CRE, residential home markets no risk to financial system for now – but weaknesses would be tested in recession, agency reports

Neither the commercial real estate (CRE) nor the residential real estate markets pose a significant risk to the U.S. financial system in the foreseeable future, but growing weaknesses in both will be tested in a recession, according to a blog post published Thursday by the Treasury’s financial research arm.

According to the blog post published by Treasury’s Office of Financial Research (OFR), the CRE market performed well throughout most of last year, but it is now showing weakness. Meanwhile, home prices softened in 2022, in conjunction with the Federal Reserve’s interest rate increases.

“While these markets have been resilient until recently, their strength will be tested if a recession occurs,” the post asserts.

“The CRE market weakened during the latter part of 2022 in response to the Federal Reserve’s interest-rate increases,” the post asserts. “The weakening of the CRE market has further accelerated during early 2023.” The post explains that rising interest rates reduced the present value of properties with fixed cash flows and made the financing of CRE purchases more difficult.

“Given economic conditions and rising interest rates, overall CRE prices are now declining, with a 6.3% decline in the RCA CPPI (Real Capital Analytics, Commercial Property Price Index) index during the three months ending in January 2023,” the post states. “Declining property values will cause loan performance degradation at CRE lenders—especially those that were most aggressive in their lending terms, such as those with high loan-to-value ratios. Most capitalization rates are rising in tandem with interest rates, causing the values of some properties to decline.”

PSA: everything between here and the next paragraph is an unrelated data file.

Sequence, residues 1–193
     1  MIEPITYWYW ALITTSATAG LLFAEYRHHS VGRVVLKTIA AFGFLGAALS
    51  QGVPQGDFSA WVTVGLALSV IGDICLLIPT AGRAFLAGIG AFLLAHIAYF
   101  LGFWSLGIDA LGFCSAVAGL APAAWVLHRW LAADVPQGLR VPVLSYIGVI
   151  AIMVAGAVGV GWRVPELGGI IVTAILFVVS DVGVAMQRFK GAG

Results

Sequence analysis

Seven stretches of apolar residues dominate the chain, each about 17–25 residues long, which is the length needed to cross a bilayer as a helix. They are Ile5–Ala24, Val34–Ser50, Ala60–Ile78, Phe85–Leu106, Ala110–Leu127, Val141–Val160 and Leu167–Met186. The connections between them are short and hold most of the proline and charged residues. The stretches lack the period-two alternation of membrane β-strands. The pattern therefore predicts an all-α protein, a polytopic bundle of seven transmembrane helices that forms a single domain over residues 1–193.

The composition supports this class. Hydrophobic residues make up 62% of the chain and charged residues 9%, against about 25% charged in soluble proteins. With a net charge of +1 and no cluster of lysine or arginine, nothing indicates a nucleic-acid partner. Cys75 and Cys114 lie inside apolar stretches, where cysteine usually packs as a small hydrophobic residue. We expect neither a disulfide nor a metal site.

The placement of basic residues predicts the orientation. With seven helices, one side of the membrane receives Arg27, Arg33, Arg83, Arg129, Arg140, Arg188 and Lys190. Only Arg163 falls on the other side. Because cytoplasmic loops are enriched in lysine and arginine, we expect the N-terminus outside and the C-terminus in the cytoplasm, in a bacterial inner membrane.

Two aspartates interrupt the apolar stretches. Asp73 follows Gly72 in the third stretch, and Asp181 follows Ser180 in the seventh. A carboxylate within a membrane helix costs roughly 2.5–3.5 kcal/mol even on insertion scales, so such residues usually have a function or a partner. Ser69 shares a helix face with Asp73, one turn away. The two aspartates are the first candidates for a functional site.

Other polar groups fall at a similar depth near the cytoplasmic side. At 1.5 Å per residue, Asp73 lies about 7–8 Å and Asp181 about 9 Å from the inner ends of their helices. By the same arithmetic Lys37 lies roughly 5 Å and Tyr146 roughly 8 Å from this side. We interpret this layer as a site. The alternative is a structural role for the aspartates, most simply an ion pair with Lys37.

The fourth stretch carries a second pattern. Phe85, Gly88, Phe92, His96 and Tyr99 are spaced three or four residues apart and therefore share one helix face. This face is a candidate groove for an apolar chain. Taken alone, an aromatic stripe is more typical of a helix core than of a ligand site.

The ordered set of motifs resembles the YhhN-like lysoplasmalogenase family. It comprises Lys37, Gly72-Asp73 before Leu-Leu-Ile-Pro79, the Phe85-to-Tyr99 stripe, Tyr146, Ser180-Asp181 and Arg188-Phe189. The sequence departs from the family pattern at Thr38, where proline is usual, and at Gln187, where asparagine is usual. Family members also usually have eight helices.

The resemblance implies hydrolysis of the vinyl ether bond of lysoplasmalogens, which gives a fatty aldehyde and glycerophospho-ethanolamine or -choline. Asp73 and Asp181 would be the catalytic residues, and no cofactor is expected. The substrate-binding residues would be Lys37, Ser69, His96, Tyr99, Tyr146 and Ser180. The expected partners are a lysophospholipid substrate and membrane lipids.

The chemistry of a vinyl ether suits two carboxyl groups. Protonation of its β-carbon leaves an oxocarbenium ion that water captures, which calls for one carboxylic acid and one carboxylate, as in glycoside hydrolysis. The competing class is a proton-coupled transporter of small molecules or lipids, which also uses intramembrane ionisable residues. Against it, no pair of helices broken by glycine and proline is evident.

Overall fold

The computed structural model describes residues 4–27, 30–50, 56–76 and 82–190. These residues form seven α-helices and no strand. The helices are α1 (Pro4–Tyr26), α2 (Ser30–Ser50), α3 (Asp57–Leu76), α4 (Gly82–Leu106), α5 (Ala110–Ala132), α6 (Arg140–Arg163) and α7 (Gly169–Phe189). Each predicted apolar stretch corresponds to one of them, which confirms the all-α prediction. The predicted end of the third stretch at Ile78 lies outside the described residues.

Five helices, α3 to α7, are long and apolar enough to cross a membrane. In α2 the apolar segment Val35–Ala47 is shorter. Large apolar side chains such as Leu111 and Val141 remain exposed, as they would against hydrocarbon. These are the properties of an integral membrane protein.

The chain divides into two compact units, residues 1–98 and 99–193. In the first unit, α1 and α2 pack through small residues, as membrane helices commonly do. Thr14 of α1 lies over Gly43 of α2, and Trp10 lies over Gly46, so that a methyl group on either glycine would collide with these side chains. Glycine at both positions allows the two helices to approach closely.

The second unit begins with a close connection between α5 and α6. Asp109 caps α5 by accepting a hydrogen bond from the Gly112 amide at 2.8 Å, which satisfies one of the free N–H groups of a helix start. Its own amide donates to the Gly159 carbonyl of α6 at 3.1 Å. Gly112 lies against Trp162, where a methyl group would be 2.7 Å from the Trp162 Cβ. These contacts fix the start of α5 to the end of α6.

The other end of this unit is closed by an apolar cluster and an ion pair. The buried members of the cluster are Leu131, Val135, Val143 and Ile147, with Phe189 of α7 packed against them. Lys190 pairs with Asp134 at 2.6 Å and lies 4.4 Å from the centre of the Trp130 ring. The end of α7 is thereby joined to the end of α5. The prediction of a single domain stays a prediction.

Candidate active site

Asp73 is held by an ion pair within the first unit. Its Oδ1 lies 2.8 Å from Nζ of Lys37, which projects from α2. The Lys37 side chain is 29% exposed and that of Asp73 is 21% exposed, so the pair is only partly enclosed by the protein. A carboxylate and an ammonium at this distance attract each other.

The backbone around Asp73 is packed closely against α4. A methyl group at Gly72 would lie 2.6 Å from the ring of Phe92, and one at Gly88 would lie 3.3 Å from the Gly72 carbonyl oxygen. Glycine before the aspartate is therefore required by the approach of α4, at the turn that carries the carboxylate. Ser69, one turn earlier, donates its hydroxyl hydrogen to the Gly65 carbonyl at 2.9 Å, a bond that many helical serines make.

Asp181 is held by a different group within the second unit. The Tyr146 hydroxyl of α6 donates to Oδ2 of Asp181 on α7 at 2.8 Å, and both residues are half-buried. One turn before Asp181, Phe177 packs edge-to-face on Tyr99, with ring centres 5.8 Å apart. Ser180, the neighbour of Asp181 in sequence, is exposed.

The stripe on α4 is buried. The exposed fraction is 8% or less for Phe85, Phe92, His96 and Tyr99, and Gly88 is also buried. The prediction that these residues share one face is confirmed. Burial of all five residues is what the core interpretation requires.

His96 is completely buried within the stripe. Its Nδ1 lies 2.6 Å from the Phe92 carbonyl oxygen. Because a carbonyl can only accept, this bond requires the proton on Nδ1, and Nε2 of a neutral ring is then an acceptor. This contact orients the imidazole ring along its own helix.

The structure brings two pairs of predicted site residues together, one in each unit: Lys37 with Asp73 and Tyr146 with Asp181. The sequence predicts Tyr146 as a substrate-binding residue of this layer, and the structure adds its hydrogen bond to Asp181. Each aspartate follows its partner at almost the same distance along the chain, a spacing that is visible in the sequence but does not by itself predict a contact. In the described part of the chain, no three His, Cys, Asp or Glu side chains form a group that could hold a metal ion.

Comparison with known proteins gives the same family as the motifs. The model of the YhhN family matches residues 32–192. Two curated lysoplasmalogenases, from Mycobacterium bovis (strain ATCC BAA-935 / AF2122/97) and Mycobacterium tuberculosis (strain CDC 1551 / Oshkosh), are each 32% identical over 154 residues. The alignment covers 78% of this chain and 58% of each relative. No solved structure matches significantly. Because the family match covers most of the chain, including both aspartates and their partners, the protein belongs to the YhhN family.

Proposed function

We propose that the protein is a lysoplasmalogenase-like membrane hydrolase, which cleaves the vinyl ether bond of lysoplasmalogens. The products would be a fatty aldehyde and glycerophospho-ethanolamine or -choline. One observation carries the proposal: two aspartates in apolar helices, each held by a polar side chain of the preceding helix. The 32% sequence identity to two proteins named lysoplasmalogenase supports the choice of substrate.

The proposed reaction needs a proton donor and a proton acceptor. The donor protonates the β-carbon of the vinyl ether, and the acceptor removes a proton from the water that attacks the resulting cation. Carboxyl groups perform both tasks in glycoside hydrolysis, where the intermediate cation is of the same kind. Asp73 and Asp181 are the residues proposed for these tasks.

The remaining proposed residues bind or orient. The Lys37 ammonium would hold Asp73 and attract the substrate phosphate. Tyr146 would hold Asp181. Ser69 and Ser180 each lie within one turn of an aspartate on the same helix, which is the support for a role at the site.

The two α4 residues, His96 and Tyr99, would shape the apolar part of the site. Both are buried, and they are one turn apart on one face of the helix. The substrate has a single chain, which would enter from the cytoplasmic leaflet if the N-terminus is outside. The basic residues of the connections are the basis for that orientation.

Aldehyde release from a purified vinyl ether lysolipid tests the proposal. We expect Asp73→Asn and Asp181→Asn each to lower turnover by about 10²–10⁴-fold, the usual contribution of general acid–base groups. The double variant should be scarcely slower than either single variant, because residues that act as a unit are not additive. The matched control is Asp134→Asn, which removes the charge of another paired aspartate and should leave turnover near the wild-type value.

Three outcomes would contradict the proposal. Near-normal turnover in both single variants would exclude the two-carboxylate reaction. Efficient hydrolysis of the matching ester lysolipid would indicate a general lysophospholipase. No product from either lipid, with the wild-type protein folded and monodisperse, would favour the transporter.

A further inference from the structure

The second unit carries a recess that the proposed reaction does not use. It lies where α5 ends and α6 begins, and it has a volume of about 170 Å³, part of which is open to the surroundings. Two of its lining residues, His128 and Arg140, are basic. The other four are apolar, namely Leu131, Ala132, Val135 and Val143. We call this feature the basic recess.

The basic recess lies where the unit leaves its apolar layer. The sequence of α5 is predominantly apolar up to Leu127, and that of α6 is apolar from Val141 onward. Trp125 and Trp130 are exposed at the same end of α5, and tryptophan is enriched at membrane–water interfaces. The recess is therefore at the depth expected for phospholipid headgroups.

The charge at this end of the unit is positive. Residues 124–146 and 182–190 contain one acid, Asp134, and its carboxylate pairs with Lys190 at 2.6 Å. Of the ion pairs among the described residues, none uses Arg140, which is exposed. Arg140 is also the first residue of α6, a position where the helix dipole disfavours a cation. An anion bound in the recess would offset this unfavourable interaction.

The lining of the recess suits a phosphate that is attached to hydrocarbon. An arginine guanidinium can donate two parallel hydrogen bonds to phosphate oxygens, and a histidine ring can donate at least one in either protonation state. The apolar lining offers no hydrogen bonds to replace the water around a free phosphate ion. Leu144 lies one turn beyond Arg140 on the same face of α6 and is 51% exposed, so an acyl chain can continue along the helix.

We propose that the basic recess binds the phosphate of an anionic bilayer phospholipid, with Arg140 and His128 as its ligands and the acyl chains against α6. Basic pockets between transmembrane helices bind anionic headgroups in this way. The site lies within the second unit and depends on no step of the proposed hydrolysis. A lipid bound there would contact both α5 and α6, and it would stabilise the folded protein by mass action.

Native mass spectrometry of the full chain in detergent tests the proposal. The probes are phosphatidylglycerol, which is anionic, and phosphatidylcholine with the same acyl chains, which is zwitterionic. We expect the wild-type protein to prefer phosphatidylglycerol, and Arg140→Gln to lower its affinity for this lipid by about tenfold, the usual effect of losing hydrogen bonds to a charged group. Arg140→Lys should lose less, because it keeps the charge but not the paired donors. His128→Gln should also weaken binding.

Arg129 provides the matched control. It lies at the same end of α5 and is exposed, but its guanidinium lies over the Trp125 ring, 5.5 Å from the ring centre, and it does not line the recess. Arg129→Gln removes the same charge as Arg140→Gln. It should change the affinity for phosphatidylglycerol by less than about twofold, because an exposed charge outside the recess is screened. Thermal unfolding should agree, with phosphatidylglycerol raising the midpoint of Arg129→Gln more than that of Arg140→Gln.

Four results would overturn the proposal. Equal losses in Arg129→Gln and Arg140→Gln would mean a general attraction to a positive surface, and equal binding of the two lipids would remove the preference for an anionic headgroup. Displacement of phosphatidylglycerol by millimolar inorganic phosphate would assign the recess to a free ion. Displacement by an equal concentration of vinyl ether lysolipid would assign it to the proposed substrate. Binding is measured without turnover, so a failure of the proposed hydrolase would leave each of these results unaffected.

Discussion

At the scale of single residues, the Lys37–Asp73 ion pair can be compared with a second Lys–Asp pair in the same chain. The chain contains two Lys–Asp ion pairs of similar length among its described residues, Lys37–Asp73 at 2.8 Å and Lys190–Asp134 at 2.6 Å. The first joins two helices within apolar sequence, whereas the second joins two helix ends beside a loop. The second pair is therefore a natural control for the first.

On residential real estate, the post notes that home affordability is now the lowest it has ever been, as home price growth is outpacing wage growth. “Since the pandemic, home prices have risen to record levels,” the post states. “The increased demand for homes led to dramatic increases in mortgage activity in 2020 and 2021.”

The post asserts that the risk to financial stability is related to home values. “Record housing prices resulted in higher monthly payments for new homeowners with mortgage debt during this period.”

A correction in home prices to historic levels, depending on its speed and severity, could pose two risks to U.S. financial stability, the post states: Falling home prices could erode household wealth and dent consumer confidence and spending, and reduced loan-to-value could generate defaults, distressed sales, and loan losses.

But, given the tight housing supply, the post notes that declining home prices are not an immediate concern.

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